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Living wage for Bangladesh is 29442 Taka BDT in 2015

March 21, 2016

Asia floor wage for Bangladesh that is a living wage is 259 usd per month. Now minimum wage in Bangladesh for garments is 50 usd per month.

The solution – An Asia Floor Wage

The Asia Floor Wage proposes a wage for garment workers across Asia that would be enough for workers to live on.

Based on some common factors including the number of family members to be supported, the basic nutritional needs of a  worker and their dependents and their other basic needs including healthcare and education, the Asia Floor Wage is able to calculate the minimum amount needed to constitute a living wage.

The Asia Floor Wage is calculated in PPP$ –  Purchasing Power Parity $, which are an imaginary currency built on the consumption of goods and services by people, this currency allows us to compare the standard of living between countries, regardless of the national currency.

Currently the Asia Floor Wage is calculated to be PPP$ 725.

The Asia Floor Wage is different in each country’s national currency, but has the power to buy the same set of good and services in all countries.

For a breakdown of what the Asia Floor Wage is in local currency click here.

how calculated video

how calculated explanation

worker,her partner,two kids. Each kid is considered half the adult.
he Asia Floor Wage Alliance base their calculations on the following assumptions:

A worker needs to be able to support themselves and two other

“consumption units” (1 Consumption unit = 1 adult or 2 children)

An adult requires 3,000 calories a day to be able to carry out their work.

In Asia food costs account for half a workers monthly outgoings that is 50%
rest 40% towards housing,clothing,travel cost,kids education,health costs

Updated with 2015 calculations
The 2015 Asia Floor Wage figure is PPP$ 1021 [that is in USA, now it would be converted using Purchasing Power Parity].
Below is this calculation in local currency.
Bangladesh     29,442 Taka

The London Living Wage is currently £9.40 per hour.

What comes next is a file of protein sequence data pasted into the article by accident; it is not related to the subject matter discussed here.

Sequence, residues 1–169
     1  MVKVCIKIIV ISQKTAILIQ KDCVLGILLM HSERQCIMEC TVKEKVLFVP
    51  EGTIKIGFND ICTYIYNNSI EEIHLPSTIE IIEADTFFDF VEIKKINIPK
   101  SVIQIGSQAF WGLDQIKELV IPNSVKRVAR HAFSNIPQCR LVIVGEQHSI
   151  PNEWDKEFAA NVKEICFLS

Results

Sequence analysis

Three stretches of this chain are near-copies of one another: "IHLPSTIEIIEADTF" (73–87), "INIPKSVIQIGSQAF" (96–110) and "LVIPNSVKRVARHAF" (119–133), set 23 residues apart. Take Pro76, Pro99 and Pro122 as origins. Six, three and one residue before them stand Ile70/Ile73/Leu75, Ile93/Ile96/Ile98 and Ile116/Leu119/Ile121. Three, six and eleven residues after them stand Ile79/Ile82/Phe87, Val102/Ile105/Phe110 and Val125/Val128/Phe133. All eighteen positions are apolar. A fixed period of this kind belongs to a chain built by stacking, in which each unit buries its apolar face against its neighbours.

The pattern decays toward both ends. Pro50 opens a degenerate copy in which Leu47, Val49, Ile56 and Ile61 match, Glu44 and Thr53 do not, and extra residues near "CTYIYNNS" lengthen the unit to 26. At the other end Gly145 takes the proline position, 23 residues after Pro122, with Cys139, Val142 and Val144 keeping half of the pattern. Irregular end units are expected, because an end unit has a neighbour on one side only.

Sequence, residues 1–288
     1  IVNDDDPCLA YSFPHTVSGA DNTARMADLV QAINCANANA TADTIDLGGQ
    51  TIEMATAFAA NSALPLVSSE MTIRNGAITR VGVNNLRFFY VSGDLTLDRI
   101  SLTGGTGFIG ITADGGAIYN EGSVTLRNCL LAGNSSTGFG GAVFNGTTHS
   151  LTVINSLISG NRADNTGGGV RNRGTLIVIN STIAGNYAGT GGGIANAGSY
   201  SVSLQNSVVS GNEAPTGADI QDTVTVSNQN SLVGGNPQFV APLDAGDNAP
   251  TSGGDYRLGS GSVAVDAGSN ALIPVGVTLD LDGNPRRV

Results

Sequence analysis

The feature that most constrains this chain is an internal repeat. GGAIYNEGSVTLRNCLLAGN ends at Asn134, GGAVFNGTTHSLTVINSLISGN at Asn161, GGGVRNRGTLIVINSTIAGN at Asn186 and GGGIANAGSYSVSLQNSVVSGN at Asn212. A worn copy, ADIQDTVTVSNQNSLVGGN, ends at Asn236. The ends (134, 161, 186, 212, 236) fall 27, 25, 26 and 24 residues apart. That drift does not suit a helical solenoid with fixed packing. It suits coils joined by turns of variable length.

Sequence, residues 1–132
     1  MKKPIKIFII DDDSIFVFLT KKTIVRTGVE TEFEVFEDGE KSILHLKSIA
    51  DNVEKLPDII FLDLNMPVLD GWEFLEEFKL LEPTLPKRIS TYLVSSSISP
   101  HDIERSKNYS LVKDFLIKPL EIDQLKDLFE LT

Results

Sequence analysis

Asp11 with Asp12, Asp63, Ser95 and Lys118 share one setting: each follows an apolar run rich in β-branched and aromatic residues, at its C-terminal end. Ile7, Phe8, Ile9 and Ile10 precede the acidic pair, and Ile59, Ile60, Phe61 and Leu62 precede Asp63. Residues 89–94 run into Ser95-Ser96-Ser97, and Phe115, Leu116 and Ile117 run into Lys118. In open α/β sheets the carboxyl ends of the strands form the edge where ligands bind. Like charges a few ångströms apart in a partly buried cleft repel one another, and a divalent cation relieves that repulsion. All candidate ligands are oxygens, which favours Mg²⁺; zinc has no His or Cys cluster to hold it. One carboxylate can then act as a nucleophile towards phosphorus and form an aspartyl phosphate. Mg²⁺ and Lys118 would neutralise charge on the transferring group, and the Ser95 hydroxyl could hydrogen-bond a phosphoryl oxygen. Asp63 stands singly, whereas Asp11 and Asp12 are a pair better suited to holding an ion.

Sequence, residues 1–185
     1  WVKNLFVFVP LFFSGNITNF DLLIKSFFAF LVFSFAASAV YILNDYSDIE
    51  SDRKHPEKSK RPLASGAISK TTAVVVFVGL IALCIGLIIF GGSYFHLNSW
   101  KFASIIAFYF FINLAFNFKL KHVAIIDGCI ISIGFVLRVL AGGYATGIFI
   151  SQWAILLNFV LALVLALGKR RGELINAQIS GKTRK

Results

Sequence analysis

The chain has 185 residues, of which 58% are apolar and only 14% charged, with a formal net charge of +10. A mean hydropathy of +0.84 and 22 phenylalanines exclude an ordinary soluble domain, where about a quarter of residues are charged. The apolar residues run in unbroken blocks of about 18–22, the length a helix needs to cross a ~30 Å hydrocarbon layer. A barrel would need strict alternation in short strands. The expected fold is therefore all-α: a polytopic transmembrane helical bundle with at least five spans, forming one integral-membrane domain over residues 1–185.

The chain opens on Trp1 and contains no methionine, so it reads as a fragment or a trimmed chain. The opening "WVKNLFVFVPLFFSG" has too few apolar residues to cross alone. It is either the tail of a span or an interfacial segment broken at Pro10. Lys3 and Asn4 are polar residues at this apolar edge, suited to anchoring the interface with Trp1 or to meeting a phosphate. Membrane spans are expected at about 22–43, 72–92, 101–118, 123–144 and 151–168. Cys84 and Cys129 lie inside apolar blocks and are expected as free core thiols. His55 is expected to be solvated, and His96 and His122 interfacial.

world living wage map

Living wage links and calculation methods

Why Companies That Pay Above the Minimum Wage Come Out Ahead
This article is by Zeynep Ton, an adjunct associate professor of operations management at the MIT Sloan School of Management and the author of The Good Jobs Strategy: How the Smartest Companies Invest in Employees to Lower Costs and Boost Profits.

The conventional wisdom in business is that bad jobs like this are necessary to keep prices low and profits high. If a low-cost retail chain were to pay its cashiers more, then it would either make less money or have to raise its prices. Implicit in this logic is the seemingly self-evident tradeoff between low prices and good jobs. But that is a false tradeoff. Even in highly competitive industries like low-cost retail, it is possible to pay employees decent wages and treat them well while giving customers the low prices they demand.

First, these companies consider their workforce not as a cost to be minimized but as a strategic asset. They invest in their employees with the expectation that they will get even more back in terms of labor productivity, customer service, cost-cutting, innovation, and flexibility during difficult times. Most businesses consider their high-level managers and skilled professionals to be strategic assets. But these companies see their front-line people that way, too.

Tedx talk
The Good Jobs Strategy: Zeynep Ton at TEDxCambridge 2013

Her webinar presentation

Her book
Full of surprising, counterintuitive insights, the book answers questions such as: How can offering fewer products increase customer sat­isfaction? Why would having more employees than you need reduce costs and boost profits? How can companies simultaneously standardize work and empower employees?